In recent years, the world has been focusing their lenses on China, a country under incredible transformation. Forty years after the Cultural Revolution, Chinese contemporary art thrives under the pretense of political reformation and rapid economic growth.  It has no apparent desire for nostalgia. Yao Lu looks back to a distant past and reinvigorates photography, reclaiming art from the craft that has been made vulgar by social media.


In 2006, Yao Lu picked up his camera, went to the landfills surrounding his familiar China Central Academy of Fine Arts (CAFA), and took pictures. It was about three years after the construction for the Beijing National Stadium has broken ground awaiting anxiously for the opening of the 29th Summer Olympics in the city for 2008. Seas of industrial rubble, films upon films of smog, mountain ranges of green dustproof cloth rise and fall. Yao realise that these photographs unapologetically uncover the raw and ugly truth of Chinese modernisation. This developing city has created an absurd amount of waste from its rapid metabolism. “The resemblance is uncanny. I believe anyone who has had any experience looking at a painting would be able to tell that the composition of those piles of rubbish look exactly like a Chinese traditional landscape painting.”



Heaven on Earth, 2014, Epson Ultra Giclee, 150 x 100 cm (Edition A), 120 x 80 cm (Edition B)


So, it began. Yao re-conceptualises the quintessential elements of Chinese landscape painting with a series of digitally manipulated photographs named New Landscape (2006-2013). During the Northern Song dynasty (907-1127), this highly-stylised technique was especially favoured by the royal court. Back then, the nation was civilised, people were seeking an abundance of spirituality and, since mountains and spring gullies were the divine symbols for Chinese literati, we can understand the influence of landscape at the time. The extensive use of digital technological support flaunts Yao’s ability. The oddities blend so seamlessly with the Song style that no one would suspect otherwise, not until one moves closer do they realise the trickery of the jester. Ancient relics crumbling down on mountains of waste, children in protective masks disguised as fishermen in the hazy sea. Formally analysed, the architecture in the photographs is artificially construed. However, the ingredients that compose the images are faithful. This is what modern China looks like. The reality fulfils a romantic yet fictional narrative.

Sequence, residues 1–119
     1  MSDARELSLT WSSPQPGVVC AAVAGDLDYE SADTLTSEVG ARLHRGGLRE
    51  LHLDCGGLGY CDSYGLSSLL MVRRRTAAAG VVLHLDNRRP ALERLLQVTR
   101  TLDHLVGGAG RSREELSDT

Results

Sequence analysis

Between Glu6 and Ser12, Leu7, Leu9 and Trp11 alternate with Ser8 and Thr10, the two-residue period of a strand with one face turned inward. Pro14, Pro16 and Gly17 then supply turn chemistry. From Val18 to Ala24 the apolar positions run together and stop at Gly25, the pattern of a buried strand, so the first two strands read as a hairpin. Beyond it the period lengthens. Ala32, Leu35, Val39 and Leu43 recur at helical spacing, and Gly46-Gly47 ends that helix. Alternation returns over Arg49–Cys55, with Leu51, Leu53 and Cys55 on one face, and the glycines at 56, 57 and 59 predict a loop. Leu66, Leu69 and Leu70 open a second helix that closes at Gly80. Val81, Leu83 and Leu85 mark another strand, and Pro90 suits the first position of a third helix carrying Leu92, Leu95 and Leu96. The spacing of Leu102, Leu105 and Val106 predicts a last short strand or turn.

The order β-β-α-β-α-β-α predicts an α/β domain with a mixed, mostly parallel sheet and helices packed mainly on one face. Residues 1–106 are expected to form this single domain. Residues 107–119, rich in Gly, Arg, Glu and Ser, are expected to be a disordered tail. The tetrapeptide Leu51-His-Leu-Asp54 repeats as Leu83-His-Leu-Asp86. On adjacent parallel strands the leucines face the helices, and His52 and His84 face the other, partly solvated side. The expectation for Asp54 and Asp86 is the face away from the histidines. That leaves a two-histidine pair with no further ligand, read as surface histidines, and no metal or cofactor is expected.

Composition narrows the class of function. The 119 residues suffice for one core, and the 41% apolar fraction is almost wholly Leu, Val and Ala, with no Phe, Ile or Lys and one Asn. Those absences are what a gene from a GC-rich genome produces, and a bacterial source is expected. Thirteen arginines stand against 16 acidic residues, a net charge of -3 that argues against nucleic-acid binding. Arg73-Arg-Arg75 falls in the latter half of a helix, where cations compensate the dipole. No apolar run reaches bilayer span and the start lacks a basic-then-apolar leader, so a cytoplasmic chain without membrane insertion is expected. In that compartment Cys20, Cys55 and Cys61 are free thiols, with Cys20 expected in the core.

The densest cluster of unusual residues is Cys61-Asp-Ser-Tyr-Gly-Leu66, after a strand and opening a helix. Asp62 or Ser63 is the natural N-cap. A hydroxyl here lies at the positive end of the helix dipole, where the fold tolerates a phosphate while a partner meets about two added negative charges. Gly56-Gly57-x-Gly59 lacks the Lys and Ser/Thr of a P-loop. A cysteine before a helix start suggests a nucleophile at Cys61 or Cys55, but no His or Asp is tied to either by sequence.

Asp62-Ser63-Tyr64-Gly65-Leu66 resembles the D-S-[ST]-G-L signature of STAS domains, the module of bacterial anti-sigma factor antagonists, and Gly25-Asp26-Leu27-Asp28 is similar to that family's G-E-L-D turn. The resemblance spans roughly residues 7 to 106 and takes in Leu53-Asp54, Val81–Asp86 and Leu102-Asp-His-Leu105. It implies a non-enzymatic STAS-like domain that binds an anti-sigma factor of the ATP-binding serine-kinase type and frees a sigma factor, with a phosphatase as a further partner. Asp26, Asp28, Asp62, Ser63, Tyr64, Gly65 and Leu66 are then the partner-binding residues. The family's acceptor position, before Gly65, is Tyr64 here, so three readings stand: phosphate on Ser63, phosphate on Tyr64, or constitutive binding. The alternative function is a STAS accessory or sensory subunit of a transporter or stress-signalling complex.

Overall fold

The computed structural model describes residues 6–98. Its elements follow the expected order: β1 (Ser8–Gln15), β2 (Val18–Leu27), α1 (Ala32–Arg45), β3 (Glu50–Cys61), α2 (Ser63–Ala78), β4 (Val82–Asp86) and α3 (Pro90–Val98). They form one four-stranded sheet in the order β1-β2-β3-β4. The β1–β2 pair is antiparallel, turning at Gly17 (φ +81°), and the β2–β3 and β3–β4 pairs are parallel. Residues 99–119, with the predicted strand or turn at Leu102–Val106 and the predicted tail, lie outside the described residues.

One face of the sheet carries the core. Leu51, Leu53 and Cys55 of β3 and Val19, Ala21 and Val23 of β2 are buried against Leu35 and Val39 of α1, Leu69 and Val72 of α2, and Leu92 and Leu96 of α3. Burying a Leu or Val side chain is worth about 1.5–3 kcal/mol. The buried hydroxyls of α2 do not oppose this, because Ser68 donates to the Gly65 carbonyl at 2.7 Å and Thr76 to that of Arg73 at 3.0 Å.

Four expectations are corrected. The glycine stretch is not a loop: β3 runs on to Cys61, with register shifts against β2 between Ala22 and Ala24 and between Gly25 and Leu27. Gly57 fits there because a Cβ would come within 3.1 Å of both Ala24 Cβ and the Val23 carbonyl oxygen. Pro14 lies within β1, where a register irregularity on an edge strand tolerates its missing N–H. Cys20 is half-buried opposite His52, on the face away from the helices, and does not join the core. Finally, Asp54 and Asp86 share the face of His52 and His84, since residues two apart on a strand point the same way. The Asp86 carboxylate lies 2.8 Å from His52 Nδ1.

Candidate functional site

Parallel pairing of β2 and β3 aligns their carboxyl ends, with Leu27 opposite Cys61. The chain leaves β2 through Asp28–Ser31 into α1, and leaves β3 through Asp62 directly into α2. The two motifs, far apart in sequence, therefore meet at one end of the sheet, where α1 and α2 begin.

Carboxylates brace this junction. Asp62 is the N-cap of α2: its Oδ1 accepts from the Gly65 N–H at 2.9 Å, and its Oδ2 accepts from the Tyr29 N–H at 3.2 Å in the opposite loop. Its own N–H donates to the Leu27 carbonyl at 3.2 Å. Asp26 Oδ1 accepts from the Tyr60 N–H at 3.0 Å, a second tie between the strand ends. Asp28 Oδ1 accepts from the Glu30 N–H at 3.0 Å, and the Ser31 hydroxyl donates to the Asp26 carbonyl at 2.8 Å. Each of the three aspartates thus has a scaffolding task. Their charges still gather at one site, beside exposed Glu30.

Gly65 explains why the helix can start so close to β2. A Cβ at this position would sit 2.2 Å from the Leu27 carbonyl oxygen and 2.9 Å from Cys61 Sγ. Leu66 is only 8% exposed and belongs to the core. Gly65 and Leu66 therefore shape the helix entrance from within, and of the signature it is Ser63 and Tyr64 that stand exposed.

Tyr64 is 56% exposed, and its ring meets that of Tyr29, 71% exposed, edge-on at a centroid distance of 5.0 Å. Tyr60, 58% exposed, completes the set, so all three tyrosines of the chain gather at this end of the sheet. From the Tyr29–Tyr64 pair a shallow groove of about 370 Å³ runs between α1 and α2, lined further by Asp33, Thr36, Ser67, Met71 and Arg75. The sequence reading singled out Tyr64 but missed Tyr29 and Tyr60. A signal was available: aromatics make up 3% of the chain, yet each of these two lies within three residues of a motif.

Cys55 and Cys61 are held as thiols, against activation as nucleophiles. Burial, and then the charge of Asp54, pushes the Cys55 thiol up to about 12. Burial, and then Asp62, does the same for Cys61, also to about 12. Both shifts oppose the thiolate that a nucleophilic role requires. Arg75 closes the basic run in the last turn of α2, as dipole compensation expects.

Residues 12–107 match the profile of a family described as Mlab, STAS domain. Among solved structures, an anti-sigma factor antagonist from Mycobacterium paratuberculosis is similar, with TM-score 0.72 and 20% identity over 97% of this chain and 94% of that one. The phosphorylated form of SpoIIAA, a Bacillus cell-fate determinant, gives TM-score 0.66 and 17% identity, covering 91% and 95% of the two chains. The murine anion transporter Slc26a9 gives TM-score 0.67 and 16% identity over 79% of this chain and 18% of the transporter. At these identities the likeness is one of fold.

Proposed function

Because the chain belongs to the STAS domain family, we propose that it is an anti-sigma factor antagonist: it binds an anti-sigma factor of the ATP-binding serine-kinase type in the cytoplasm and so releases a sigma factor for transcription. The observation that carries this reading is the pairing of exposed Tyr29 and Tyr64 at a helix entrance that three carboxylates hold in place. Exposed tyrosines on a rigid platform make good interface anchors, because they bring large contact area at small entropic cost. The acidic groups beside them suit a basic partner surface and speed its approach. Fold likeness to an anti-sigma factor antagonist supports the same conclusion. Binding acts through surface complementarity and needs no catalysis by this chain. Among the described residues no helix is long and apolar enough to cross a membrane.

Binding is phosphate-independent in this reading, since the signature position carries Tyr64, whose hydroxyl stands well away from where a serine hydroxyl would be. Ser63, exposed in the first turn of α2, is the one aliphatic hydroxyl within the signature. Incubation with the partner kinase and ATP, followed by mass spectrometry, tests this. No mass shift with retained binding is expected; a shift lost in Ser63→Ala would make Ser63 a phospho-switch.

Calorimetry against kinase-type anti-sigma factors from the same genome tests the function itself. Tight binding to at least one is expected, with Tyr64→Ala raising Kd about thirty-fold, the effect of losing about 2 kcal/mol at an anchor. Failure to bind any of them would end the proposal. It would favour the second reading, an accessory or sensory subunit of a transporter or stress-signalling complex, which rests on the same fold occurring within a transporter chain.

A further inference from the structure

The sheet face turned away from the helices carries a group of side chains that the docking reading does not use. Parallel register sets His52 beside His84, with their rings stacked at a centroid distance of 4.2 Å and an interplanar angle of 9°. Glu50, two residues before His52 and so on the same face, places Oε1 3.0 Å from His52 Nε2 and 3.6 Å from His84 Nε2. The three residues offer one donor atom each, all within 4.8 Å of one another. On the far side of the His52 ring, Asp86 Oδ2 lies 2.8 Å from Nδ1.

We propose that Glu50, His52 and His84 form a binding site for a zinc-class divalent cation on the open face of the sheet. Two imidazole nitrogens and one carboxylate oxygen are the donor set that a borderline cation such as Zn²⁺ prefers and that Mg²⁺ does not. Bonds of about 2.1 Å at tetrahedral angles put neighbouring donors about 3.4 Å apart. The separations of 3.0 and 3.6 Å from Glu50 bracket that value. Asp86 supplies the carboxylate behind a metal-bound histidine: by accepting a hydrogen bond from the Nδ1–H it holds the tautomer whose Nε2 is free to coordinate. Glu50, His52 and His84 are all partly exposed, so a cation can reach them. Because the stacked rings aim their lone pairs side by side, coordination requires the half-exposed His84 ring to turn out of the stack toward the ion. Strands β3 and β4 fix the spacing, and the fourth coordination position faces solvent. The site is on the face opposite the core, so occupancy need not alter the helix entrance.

The approach ‘composite photography’ has its fair share of history.  It dates back to the 19th century and started in Western civilisation. Yet, it was the master photographer Lang Jingshan, who pioneered this pictorial photography technique in China. After receiving the award from the Royal Photographic Society in 1934, Lang has given composite pictures a permanent status as the Chinese photographic symbol. Similar to Lang, Yao borrows the peaceful scenery as the blueprint for the framework of his photographs; offering a kind of classical, astute aesthetic of the Academy during the Northern Song time. Yao’s excellent manipulation of modern technology allows the artist to break out from the constraints of the dark room.

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“Provocation of thoughts and dialogue should be integral to contemporary art, for me, it is a kind of persistence, conscious of society.”


“For me, it is interesting to learn about the different forms and dimensions of hand scrolls that exhibit this artistic tradition. During the process of compiling the images, I was painstakingly studying the various manifestations of Chinese painting.” Yao’s series of photographs epitomises the highly-coloured Gong-bi style and meticulously depicts figural narratives. The subjects that Yao uses in his work vary from animals foraging amongst the toxic dump to construction worker figurines wearing neon yellow vests and bright orange helmets. These modern interjections unmask the cunningly disguised picturesque tranquility. The imbalance between the imitated painting style and the realistic materials used by the photographer exemplifies the truth behind progressive nations whose price to pay is profoundly grotesque.


Autumn Monastery, 2012, Epson Ultra Giclee, 137 x 97 cm (Edition A), 102 x 72 cm (Edition B)


Straight after he graduated from CAFA, specialising in print and engraving, Yao immersed himself fully into society as a journalist for the art and cultural section of a national publication. Seven years of professional experience has given Yao a keen eye for current affairs, a thirst to communicate and he translates his message piercingly through his art. “Contemporary art is, indeed, art that is happening currently.” As a contemporary artist, Yao strongly believes in the power of critique through art. “Provocation of thoughts and dialogue should be integral to contemporary art, for me, it is a kind of persistence, conscious of society.” In the later part of his New Landscape series, Heaven on Earth provokes discussion on the violent demolition problem that is still prominent in China.

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Yao realise that these photographs unapologetically uncover the raw and ugly truth of Chinese modernisation.

Yao stays faithful to his Chinese traditional painting language in his new project. Responding to the proliferation of advertisement on the streets of Beijing, the combination of millions of Chinese characters and roman numerals sketches the outline of an ink and wash painting. His new creation is modeled after the Song master, Fan Kuan, in his imitation of Travelers among Mountains and Streams. The topic is a juxtaposition of Chinese imperial tradition and the mutation of globalisation, a sense of timeworn serenity counterbalancing the novel disorganisation.


Top image: Dwelling in the Mount Fuchun, 2008, Epson Ultra Giclee, 60 x 180 cm